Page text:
What is Scrum Ceremonies?
Two pillars that makeup Scrum framework ensure project delivery are flexibility and accountability. Scrum ceremonies, often known as Scrum rituals, allow Scrum teams to be agile as they go through the lifecycle of a project. Scrum ceremonies are also the place the time when team members are held accountable for their contribution to the project.
In this comprehensive tutorial on Scrum ceremonies, we’ll take an in-depth look at five specific events that form what’s known as the Scrum project management framework. We’ll also discuss the various Scrum meetings kinds and offer suggestions to help your team get more engaged in these ceremonies.
What is Scrum?
Before we get into the details about Scrum rituals, we should define what Scrum is in the first place.
Scrum is clearly defined as a project management framework that follows the guidelines laid forth in the Agile manifesto. It is often misinterpreted as a process for managing projects. However, this is not the reality. Agile is more of an approach to guiding the development of products and other complicated project types that are highly flexible.
Agile focuses on working with shorter durations and frequently collaborating to evaluate the work done and make necessary changes. Agile is an iterative method of managing projects designed to avoid finishing an undertaking and discovering that you’ve diverged from the plan for several weeks (or even months).
The Scrum framework uses these agile principles using brief, defined work intervals called sprints. The typical sprint lasts for two weeks, and however, they may be longer depending on the backlog and project items. After each sprint, the Scrum team meets to review its performance and make necessary adjustments to the course. In addition, Scrum calls for several scheduled meetings throughout the sprint. These meetings are often called “ceremonies,” also known as “rituals,” Each kind has a specific function.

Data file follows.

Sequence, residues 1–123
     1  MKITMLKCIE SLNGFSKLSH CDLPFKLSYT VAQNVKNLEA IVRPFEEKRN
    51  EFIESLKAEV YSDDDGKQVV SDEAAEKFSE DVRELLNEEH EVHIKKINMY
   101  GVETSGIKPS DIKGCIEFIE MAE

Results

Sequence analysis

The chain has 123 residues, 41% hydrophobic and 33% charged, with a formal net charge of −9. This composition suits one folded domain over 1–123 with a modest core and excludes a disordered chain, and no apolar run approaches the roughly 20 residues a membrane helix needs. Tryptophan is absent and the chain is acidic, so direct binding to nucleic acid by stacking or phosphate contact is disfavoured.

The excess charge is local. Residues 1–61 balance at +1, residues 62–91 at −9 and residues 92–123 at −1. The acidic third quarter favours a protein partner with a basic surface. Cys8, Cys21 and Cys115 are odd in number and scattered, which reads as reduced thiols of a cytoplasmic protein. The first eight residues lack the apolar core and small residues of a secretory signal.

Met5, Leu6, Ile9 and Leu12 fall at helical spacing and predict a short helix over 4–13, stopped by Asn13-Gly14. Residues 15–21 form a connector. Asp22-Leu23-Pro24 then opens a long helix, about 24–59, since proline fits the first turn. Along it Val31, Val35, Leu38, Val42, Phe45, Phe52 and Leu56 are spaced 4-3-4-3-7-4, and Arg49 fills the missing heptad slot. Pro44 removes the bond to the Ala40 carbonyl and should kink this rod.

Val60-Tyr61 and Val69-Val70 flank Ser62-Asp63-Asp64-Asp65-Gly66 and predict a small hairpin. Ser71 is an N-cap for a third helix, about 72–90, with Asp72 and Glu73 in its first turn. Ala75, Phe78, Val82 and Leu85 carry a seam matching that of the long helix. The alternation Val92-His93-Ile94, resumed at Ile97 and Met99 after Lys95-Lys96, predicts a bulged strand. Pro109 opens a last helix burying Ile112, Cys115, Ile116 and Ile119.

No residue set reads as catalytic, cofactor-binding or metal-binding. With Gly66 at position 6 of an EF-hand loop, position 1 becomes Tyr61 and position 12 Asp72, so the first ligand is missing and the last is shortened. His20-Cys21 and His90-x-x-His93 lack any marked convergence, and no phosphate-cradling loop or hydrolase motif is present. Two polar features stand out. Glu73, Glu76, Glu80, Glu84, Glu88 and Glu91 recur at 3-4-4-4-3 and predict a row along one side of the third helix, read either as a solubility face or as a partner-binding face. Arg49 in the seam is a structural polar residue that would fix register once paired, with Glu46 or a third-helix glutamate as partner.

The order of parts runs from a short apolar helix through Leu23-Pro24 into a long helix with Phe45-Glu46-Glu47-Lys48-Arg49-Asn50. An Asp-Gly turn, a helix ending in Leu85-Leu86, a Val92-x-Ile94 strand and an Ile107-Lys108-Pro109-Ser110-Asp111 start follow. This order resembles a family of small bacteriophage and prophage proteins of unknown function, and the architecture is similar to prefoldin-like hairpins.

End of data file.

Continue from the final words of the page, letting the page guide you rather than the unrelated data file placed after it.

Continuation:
Five Scrum events and Scrum meeting types?
A Scrum sprint consists of five events, four of which are meetings, often known as ceremonies or rituals. Four Scrum rituals are as follows:
The sprint itself is also a critical Scrum event because it is where the rubber meets the road and the actual project work is completed. Let’s look at each of the four Scrum ceremonies in more detail and see how they fit into the broader Scrum framework.
As the name suggests, this ceremony is held before the sprint start. The meeting determines the goals and any concerns or issues about the upcoming sprint. At the sprint planning event, the team will decide what items from the project backlog will be worked on in the scope of their sprint.
Essential elements of the sprint plan routine include:
- The goals of the sprint
- Identifying the tasks to be completed and who on the team will be accountable for them.
- The setting of goals to be met during the race, such as dates for completion and measures to gauge the extent of success
- Addressing any potential roadblocks, issues, and the possibility of scheduling conflicts that could affect the speed of the race
- Ensure that the plans are recorded and recorded into the Project Management Software and tracking systems to track the progress and ensure the accountability
When you plan your sprints, it is vital to be aware of any holiday, special events, or individual days off that might influence the execution or delivery of specific tasks. Sprints generally last for two weeks, which gives only 10 working days to complete the objectives you’ve set for your sprint. Furthermore, risk management must always be a factor during the sprint planning session. Scrum teams aren’t invincible to unexpected delays and hangups, so be sure to consider the possibility of these issues in your planning.
The daily Scrum, or “the daily stand-up,” is a brief scheduled daily meeting in which team members give an update on the status of the team. The meetings are quick and straightforward, typically taking just 15 minutes and not more than 30 minutes at most. The daily Scrum ensures that everyone is working on the tasks assigned and that any issues or obstructions are taken care of.
Daily Scrum ceremony should be focused on the following four issues:
- What has been achieved to date?
- What’s being developed currently?
- What’s coming up?
- Are there any barriers or obstacles hindering progress?
The daily Scrum is not to become an argument in the weeds, and if it does, you run the risk of being a part of your day talking instead of being productive. The Scrum Master‘s responsibility is to keep the process running smoothly. If a team member has a problem that requires additional attention, make sure you schedule some time out of the regular Scrum to deal with it.